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The impact these women had in crafting an identity independent of both France and the native people cannot be overstated. A century later, another group of fearless women made a sacrifice for the greater world.

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Like many single women in the midst of World War I, Grace Fryer looked forward to getting a factory job. She would be able to support herself and enjoy life as an independent woman. What she didn’t foresee, however, was that she’d become an icon.

Grace found quite a few promising job leads in Orange, New Jersey, but then she hit the jackpot: a new company called the United States Radium Corporation was paying three times the average wage and selling the hottest product on the market.

Their goods all contained radium, an element discovered by chemist Marie Curie in 1898. It had strange properties, including a steady glow. By the time she isolated the substance in 1910, people were naturally looking for ways to make money from it.

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In the eyes of Dr. Sabin von Sochocky, radium was a miracle. Other physicians were already putting it in medicine and tonics, but Sochocky realized that radium paint made products light up. He founded the Undark brand, which took off almost immediately.

With more demand than they could handle, the USRC hired thousands of eager women to fill their factories. When Grace got word of her acceptance in 1917, she couldn’t believe her luck. But high wages wouldn’t be the only thing she received from her new job.

Grace befriended colleagues, including the bespectacled Catherine Donohue, and learned the ropes. Each time they coated the dials of watches with radium paint, workers earned a small payment. These “Radium Girls” invented a special trick to work even faster too.

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Because the bristles of their paintbrushes tended to flare out every few minutes, the factory foreman recommended “lip-pointing.” This practice had the women touching the brushes to their lips to make it narrow. Of course, it left a little radium paint behind.

But this residue didn’t matter since the employees were already covered in radium. Some even painted their nails and teeth with it — a nifty way to impress dates. The company said radium cured all kinds of diseases, so Grace and her friends didn’t worry — at first.

By 1922, Grace’s coworker Maggie Moll complained of a toothache. A dentist pulled the troublesome tooth, but soon the pain spread to a different area. During her next visit, the dentist lightly touched her jaw. He felt the bone crumble beneath his skin.

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Maggie wasn’t the only one with problems. Many other employees, most only in their 20s, developed mouth pain and arthritis. Catherine confided that a tumor had begun to grow in her pelvic area. When Maggie died a year later, the women panicked.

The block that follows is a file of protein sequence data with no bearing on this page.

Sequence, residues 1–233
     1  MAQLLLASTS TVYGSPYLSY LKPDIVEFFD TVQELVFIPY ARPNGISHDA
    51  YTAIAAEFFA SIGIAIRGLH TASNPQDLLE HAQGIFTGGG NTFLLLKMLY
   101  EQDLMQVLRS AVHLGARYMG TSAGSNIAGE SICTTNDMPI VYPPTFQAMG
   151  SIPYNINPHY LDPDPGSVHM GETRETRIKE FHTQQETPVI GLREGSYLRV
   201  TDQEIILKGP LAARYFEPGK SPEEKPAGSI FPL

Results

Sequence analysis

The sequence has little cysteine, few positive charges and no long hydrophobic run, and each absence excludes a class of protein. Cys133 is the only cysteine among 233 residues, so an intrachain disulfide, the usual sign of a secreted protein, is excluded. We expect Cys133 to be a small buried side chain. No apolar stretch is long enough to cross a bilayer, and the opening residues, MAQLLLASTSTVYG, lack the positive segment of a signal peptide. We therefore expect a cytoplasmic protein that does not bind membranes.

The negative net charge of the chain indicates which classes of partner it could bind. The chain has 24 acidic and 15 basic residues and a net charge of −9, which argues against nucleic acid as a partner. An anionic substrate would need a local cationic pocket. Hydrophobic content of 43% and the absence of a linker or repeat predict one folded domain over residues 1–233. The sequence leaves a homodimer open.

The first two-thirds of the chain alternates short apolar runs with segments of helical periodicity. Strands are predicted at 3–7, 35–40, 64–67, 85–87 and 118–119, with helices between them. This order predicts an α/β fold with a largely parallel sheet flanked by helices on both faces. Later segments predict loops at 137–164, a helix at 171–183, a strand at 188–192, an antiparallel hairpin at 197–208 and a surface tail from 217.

Grace, Catherine, and three others joined together to stop the epidemic. Through the grapevine, they heard that USRC workers were dying all over the country. There was something seriously wrong, and they resolved to get to the bottom of it.

After hearing their complaints, the company brought in doctors to assess the workers. Unfortunately, physicians in the past could easily sway to capitalist influence. Not only did they say the radium was harmless, but they blamed the women’s issues on syphilis.

Management clearly would deny wrongdoing at every turn. Meanwhile, the Radium Girls’ condition worsened. Barely able to leave their homes, many had to leave their jobs. Grace and her friends knew they needed help, so they reached out to an expert on radium.

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They got in contact with Marie Curie, who confirmed that the radium paint caused their medical maladies. The good news stopped there, unfortunately. Curie — with some firsthand knowledge — stated that there was no cure for radiation poisoning.

Essentially, the Radium Girls received their death sentence. But Grace refused to give up. With their remaining time on Earth, they chose to take a stand for the workers and sue the USRC. However, they found little support.

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As the Great Depression seized the nation, many Americans couldn’t believe these women wanted to take down a viable company. Still, the Radium Girls stood their ground. They finally got an official court date by 1938, though time was running out.

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Grace Fryer passed away in 1933, and Catherine was not far behind. Too weak to enter the courtroom, she testified from her bedside. Lawyer Leonard Grossman rushed to compile their case — that alone would determine the legacy of these women.

The Radium Corporation couldn’t slip away this time. The courts ruled in favor of the Radium Girls! In addition to covering all medical expenses and damages, the decision mandates companies to provide protection for workers everywhere.

Unfortunately, the plaintiffs didn’t enjoy their victory for long. Catherine, along with many others, died just months later. Today, their graves still retain enough radiation to set off a Geiger Counter.

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Nobody can say that the Radium Girls were anything but heroic. Thanks to recent books and dramatic productions, Americans are finally recognizing their win as a shining moment in history. Their sacrifice also averted another nuclear disaster decades later.

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On April 26th, 1986, a nuclear reactor exploded at Chernobyl Plant Unit Four. The explosion left the reactor exposed and leaking extremely high levels of radiation. It would come to be known as the worst nuclear disaster in history.